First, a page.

It’s my go-to winner for Sunday Brunch, and sometimes just whenever there’s some enticing fresh local shrimp at the market.
With Mothers Day coming up I would be shopping for my shrimp & grits supplies this week, however with Covid precautions our visit with family will be via FaceTime.
But Covid be damned, I’m still making my shrimp & grits. And today it shall be served in a big enameled dish instead of in cute individual bowls.
A thousand times I’ve been asked for my recipe, but the fact is I don’t really have one. It just sortof comes together with what I have. But to satisfy the curious I suppose I’ll attempt to write out the motions, and I won’t even force onto my dear readers the entire history of the dish – that will come afterwards.
However you will be receiving the recipe in a conversational format – that’s the only way I know.
Recipes aren’t exactly in the mission statement of Charleston Livability, but hey, here goes.
Bryan's Recipe for Shrimp & Grits
– The Grits –
As the base of the dish, the taste and consistency of the grits have to be perfect.
Always start the grits first – the longer they cook the better. Keep in mind in that grits require constant attention to keep from clumping or burning, even on low heat.
Usually I’m just mindful to give the grits a good stir every couple of minutes while I’m preparing everything else, however the nature of Sunday Brunch in the Lowcountry usually means a kitchen full of friends pouring mimosas – so for those times I picked up one of these gadgets, and it works like a champ.
In choosing the grits to buy at the market, just grab a good stone ground, yellow or white doesn’t really matter. Just stay away from the ‘quick’ or ‘instant’ nonsense – get the good stuff.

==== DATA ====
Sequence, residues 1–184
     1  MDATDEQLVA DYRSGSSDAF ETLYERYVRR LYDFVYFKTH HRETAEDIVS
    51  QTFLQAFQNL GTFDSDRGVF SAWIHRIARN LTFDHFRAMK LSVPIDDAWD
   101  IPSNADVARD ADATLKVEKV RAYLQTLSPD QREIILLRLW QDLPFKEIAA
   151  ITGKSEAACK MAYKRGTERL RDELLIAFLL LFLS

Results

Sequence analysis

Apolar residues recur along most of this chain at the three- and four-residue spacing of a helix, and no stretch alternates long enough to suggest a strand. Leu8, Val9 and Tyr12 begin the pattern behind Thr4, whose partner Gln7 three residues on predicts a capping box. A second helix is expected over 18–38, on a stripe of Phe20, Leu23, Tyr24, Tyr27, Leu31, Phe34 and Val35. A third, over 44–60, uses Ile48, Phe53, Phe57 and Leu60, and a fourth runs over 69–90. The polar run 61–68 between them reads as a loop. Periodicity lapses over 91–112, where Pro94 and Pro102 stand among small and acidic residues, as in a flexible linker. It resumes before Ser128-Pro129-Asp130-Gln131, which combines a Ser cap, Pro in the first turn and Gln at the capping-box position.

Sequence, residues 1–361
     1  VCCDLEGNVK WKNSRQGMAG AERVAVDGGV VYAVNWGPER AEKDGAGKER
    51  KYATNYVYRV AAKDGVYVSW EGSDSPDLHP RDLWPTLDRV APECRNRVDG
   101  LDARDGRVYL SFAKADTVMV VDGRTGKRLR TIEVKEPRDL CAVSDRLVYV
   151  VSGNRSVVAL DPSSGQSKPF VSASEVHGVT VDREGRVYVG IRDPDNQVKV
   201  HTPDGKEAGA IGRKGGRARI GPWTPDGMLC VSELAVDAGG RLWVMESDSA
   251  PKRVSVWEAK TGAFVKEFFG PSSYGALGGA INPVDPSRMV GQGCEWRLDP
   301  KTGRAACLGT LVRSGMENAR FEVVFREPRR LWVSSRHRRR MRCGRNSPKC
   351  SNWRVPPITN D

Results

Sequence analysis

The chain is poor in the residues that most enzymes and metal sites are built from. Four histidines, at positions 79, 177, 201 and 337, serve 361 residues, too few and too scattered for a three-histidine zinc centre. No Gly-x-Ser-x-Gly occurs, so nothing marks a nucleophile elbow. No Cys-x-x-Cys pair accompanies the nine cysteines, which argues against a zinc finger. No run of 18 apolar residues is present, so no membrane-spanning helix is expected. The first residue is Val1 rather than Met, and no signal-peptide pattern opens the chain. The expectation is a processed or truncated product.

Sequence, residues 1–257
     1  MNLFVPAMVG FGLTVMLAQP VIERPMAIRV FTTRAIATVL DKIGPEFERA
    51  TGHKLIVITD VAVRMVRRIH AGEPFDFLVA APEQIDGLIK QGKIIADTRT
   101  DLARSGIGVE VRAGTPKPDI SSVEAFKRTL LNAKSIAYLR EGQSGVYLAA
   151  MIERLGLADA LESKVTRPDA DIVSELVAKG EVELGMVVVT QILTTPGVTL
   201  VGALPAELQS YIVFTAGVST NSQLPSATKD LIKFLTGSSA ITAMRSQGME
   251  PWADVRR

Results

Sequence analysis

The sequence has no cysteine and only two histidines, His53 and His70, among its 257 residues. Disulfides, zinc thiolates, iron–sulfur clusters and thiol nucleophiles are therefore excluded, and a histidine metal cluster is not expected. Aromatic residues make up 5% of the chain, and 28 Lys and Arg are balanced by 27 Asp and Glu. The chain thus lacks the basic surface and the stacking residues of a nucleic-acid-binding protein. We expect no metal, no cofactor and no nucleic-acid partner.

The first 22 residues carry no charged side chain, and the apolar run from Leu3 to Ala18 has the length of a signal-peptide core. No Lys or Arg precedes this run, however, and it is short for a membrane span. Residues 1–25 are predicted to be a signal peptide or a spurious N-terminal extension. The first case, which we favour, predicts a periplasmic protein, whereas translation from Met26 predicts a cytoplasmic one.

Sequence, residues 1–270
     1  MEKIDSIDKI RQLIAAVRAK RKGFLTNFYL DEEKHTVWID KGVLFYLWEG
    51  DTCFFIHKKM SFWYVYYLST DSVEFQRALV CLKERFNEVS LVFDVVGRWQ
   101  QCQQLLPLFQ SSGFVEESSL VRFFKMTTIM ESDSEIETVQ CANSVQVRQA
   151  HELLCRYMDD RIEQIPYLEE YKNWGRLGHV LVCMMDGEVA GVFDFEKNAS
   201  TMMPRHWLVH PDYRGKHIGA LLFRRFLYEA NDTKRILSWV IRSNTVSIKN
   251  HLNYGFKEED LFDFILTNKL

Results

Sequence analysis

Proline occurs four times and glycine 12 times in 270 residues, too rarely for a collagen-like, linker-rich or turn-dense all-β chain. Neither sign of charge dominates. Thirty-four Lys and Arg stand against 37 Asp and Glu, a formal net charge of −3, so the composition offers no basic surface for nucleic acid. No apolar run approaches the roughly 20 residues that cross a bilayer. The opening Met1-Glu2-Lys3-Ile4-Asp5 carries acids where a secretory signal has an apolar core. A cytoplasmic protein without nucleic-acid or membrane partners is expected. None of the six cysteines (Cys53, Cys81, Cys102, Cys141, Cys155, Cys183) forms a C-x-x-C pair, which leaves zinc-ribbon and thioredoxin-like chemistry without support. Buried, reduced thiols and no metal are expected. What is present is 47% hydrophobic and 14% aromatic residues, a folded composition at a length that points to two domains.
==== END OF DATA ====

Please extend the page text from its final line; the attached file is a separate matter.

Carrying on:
These are the brands I usually keep on hand in my pantry:
The prepare the grits, feel free to peruse the package instructions and let’s go ahead and acknowledge together that the proportions are sortof ballparking it, and the technique is a bit oversimplified… but that’s the nature of a proper grit.
You’ll be customizing and adding to this your own tastes – it’s not complicated at all, you just end up eyeballing and tasting as you go, the way it should be.
The general ratio is about 1:4 grits:water, a fine enough place to begin. I’ll sometimes mix the water with chicken broth.
A cup of cooked grits will serve two for a satisfying meal, or split more for a few small plates or h’ors d’oeuvres.
I’ll base the rest of this “recipe” on the 1 cup of grits portion.
Scale as needed.
Go ahead and get the water boiling, good and salted, and with a thick pat of good butter. Once it’s at a boil, grab a cooking spoon and begin stirring the water as you pour in the grits, sortof slowly. Reduce that heat to low, cover, and resign yourself to stirring this premature goodness every couple of minutes – scraping the sides and bottom really well – even moreso at the beginning.
This is going to take a good half hour to 45 in all. Pause your other tasks every couple of minutes to stir – by the time you’re done with the rest, the grits will be ready.
– The Shrimp –
Source good shrimp, the fresher the better. In the Lowcountry I can bicycle from my house down the street to Abundant Seafood, a sustainably-minded local outfit.
Elsewhere I go to Mount Pleasant Seafood on Shem Creek (doesn’t get much fresher than that), or to Crosby’s Seafood just off Folly Beach.
But time for truth: more often than not I use frozen shrimp that’s patiently waiting in my freezer, mostly because I gather my wares a few days in advance and well, fresh shrimp is more of a day-of product if you know what I mean.
However that doesn’t mean I still can’t get good quality shrimp in the freezer section: I choose North American wild-caught shrimp, usually from Costco though the local supermarkets carry a decent selection as well.
Choose shrimp that are on the larger side: 31/40 or 26/30 are both fine – 41/50 and 51/60 are too small.
For the amount needed with 1 cup of grits, I would use probably one pound of uncooked shrimp.
Once the grits are going, go ahead and get the shrimp peeling out of the way.
Pro tip: always ask someone nearby if they really like peeling shrimp, as you may be able to pass off this chore.
Regardless, go to the sink and peel the shrimp properly, removing all the scales and the mud vein with a fork or something (this little tool is a handy upgrade).
Rinse them well, and set them in a bowl somewhere to dry on a towel.
– The Gravy –
Here’s where we get to work.
Gather your chopped vegetables and meat: